This year's regular session of the Alabama Legislature convenes on Tuesday, February 5, and the folks at Right to Brew will once again fight the good fight for homebrew legalization in our fine state.
Right to Brew is a grassroots organization of homebrewers whose mission is "to legalize homebrewing and home winemaking in the state of Alabama, so that the thousands of homebrewers here may enjoy their hobby without fear of prosecution". The goal of their Homebrew Legalization Bill (House Bill 9 and Senate Bill 171) is simple: make the act of homebrewing legal for Alabama residents of legal drinking age. Homebrewing is a completely legal activity in 48 U.S. states, but Alabama and Mississippi continue to classify it as a hobby worthy of a felony. With homebrewing remaining as an illegal practice, an integral part of our beer culture must remain underground for fear of prosecution and possibly losing one's job. Homebrewers are not criminals; they are hobbyists that engage in a practice that is no more dangerous than boiling water. According to the American Homebrewers Association your average homebrewer is “someone who is well educated and has a job in a technical or professional field. Homebrewers tend to be married and fit in the middle to upper-middle class income range”. Homebrewing is simply an artistic release that gives the brewer the satisfaction of creating something of their own.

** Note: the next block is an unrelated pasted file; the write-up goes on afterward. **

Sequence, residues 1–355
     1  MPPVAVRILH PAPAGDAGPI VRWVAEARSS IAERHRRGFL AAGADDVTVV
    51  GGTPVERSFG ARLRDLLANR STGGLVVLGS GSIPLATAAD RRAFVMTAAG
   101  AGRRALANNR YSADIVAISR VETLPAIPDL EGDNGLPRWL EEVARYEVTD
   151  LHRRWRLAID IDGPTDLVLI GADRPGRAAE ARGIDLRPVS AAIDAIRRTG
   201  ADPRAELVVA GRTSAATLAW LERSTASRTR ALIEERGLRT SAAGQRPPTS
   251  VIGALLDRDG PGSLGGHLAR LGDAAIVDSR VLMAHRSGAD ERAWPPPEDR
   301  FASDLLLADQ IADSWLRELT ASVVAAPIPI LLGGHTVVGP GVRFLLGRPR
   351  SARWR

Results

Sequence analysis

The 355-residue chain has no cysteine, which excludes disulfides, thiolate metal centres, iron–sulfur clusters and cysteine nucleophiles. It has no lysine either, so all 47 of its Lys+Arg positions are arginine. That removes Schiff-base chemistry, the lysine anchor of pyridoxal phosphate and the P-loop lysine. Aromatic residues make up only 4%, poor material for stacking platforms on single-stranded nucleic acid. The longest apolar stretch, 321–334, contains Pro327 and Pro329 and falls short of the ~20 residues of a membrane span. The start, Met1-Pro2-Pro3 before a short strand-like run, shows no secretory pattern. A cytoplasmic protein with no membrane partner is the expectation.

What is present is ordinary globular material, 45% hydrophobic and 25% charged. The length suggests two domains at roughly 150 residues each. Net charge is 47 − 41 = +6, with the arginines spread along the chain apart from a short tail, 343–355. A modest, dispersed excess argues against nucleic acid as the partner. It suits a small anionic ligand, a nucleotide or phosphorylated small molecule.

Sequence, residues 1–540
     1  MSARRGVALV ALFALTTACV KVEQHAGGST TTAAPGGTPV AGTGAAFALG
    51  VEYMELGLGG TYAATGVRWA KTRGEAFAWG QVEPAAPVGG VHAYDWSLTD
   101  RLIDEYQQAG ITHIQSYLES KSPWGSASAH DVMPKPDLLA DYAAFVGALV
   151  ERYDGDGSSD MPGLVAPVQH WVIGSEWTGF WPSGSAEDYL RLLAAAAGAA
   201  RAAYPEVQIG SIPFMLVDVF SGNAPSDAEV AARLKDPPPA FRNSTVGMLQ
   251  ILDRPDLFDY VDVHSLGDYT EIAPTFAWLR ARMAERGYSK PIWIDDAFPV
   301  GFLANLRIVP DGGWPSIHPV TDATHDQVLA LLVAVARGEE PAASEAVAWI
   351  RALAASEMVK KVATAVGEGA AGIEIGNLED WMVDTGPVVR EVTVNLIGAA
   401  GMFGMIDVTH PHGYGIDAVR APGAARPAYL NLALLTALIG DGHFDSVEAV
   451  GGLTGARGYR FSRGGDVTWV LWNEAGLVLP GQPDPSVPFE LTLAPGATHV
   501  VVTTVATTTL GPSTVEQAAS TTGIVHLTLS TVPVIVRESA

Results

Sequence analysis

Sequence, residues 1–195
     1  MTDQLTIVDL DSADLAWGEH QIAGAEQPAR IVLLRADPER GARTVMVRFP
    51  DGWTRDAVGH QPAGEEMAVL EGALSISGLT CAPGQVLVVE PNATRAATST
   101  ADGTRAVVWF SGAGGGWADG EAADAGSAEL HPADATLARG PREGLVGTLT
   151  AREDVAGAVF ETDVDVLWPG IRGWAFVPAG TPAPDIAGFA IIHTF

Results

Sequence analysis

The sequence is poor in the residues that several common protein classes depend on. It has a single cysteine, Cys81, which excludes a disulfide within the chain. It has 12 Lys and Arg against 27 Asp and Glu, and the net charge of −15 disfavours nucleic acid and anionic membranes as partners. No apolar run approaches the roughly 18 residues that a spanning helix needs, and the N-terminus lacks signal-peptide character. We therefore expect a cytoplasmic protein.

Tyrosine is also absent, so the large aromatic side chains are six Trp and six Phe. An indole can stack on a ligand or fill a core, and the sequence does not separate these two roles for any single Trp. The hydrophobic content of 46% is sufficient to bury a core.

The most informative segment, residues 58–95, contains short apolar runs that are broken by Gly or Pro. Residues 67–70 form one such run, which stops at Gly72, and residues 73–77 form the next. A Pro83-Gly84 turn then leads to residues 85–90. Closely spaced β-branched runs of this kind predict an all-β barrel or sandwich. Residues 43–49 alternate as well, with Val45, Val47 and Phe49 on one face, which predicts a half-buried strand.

Past attempts at homebrew legalization in Alabama have had their share of victories and bitter defeats. Right to Brew members believe that the bill they have prepared for this year's session may just be the one that finally earns them legalization. The facts of this year's Homebrew Legalization Bill are as follows:
- If passed, this bill would legalize the homebrewing of beer, cider, and wine for non-commercial use.
- Only people of legal drinking age can legally engage in homebrewing.
- Homebrewers would be permitted to produce up to 15 gallons of beer, cider, or wine each quarter for personal use. That is a total of 60 gallons per year of any homebrewed product.
- Homebrewers would be allowed to transport their products to participate in competitions.
- Homebrewers cannot sell their products.
- Distilling of spirits (or "moonshining") will remain an illegal activity. Homebrewing IS NOT distilling and homebrew IS NOT moonshine.
- Homebrewing would remain illegal in dry counties and dry areas of the state.
These terms are incredibly reasonable and still provide the regulation that so many opposing legislators have asked for in the past. If you wish to get involved in making homebrew a legal reality in Alabama, your mission is simple. All that is asked of you is to simply call, write or email your local representatives informing them that you support the Homebrew Legalization Bill (HB9 and SB171). If you do not know who your local representatives are or are unaware of their contact information, you can locate that information by clicking here.
We need the Homebrew Legalization Bill to pass so our homebrewers can exist openly in a beer culture, share their creations, compete in homebrew competitions, and hopefully one day grow to open breweries of their own. The Alabama beer community can never really be whole until homebrew is legalized. This is truly a matter where there is power in numbers. The more supporters that make those phone calls and write those emails, the greater chance homebrewing will achieve legalization. Please make your voice heard and help our homebrewers gain the right the majority of the country already enjoys. Prost!